Our New Dog

Last Saturday, I became the owner of a 2-year-old Chihuahua named Max. Max was a rescue dog from the Humane Society; he was dropped off by an older woman who could no longer take care of him because of her health problems. Max is energetic, loving, timid, and very much an introvert. The first time we met, Max growled at me and was shaky when I gently tempted to pet him. He takes a lot of time getting use to people and I imagine the old lady didn’t socialize him very much. In all honesty, I wasn’t that excited to get a dog-I knew it would be a lot of money and work. However, Christina wanted a fur baby and I guess this scraggly-rat dog is what fit the bill. Max has grown on me this past week with our several bonding activities: me saying “go potty” five hundred times, trying to read with half his body laying on my book, yelling at him not to bark at every noise, teaching him tricks which he never performs, and incessant petting of his bony-chicken body.  They say dogs are like their owners-he likes tortilla chips and the couch like me-he is feisty, shy, and tiny like my wife. We had to stick with the name, Max, because his brain is the size of a pea and we can’t put the mental strain on him that requires an identity change. I think the most fitting name for him would be Kermit because his cuteness is tinged with a weird ugliness and he makes a frog noise whenever he wants something. After a week, I have slowly come to accept this little dog into my life and I think over time we will have a lot of fun together.

To further solidify my bond with Max, I did some Wikipedia research on the history of the mighty Chihuahua.

-Chihuahuas originated in Mexico and were companion dogs dating back to 300 BC.

-It was reported by Spanish Conquistadors, that the Aztecs raised little-nearly hairless dogs for food; many of which were found in the region later known as Chihuahua.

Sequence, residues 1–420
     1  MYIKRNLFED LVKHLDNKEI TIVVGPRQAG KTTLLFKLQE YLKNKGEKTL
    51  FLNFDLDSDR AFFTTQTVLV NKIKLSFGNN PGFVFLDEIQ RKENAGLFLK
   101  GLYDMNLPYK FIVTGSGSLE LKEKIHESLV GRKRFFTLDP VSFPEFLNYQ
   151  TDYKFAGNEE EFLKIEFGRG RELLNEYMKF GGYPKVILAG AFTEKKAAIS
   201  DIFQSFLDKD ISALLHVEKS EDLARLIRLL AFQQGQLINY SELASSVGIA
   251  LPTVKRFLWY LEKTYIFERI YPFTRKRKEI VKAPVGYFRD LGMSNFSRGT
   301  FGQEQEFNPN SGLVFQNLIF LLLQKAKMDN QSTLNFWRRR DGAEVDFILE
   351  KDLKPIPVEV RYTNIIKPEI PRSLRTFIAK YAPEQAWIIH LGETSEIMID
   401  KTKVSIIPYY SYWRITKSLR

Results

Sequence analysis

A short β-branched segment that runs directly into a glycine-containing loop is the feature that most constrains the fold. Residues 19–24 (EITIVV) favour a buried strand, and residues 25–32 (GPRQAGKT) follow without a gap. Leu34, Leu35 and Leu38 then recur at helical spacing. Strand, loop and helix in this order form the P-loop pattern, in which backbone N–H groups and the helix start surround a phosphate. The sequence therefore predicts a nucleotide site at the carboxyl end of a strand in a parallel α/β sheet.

-There are two types of Chihuahua head shapes, apple head and dear head. The apple head variety is accepted for competitions and displays a shorter nose. The dear head is closer to the ancient variety of Chihuahua and resembles the head of a small fawn.

The final thing I learned, which I am still digesting, is that Chihuahuas have the longest lifespan of any dog breed, 12-20 years. So here is a toast, to a long life together with this ancient dog that was once raised for food…which I now call my friend.

The Asthmatic Boy who Became the Unstoppable Man Part 2

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Theodore Roosevelt is by far my favorite president. He lived an extraordinary life that in many ways transformed the world we live in today. Do you like National Parks? Thank Teddy. Do you like Wall Street regulations? Thank Teddy. Do you like food that is safe to eat? Thank Teddy. Do you like Teddy Bears? Thank Teddy. His accomplishments while in office were extensive and to completely understand his political mastery you should read Theodore Rex by Edmund Morris. I honestly did not know much about Teddy’s political accomplishments before reading this book. In high school, we were taught that he carried a big stick and was a imperialistic bully. That caricature is quite inaccurate and not even close to his level-headed-fair demeanor in domestic and foreign affairs.

William McKinley was assassinated in September 1901 which transferred the head office to Vice President Roosevelt. The funny thing was, none of the big business men wanted Roosevelt to be president and that is why he was given the worthless position of Vice President. They were afraid that he couldn’t be bought and that their extensive monopolies would be attacked. Roosevelt was not anti-industry but rather respected the need to give laborers more rights to maintain social order and the need to prevent monopolies from controlling prices. During his two terms, Teddy negotiated the end of a major coal strike, brought 40 anti-trust suits to court, broke up the biggest monopoly in the world-Standard Oil, negotiated the end of the Russo-Japanese War, won the biggest popular vote landslide in 1904, established 5 national parks, purchased the land for the Panama Canal, proclaimed 18 national monuments, protected 150 National Forests, pushed Congress to pass the Pure Food and Drug Act, hosted the first black man for dinner in the White House, defended the Monroe Doctrine in Venezuala, and won the Nobel Peace Prize. He was able to accomplish all these things because he knew how work the media and befriend almost anyone he met. The “big stick bully” is not how he carried himself; when it came to decision making he took his time and always thought about every outcome with the highest degree of civility.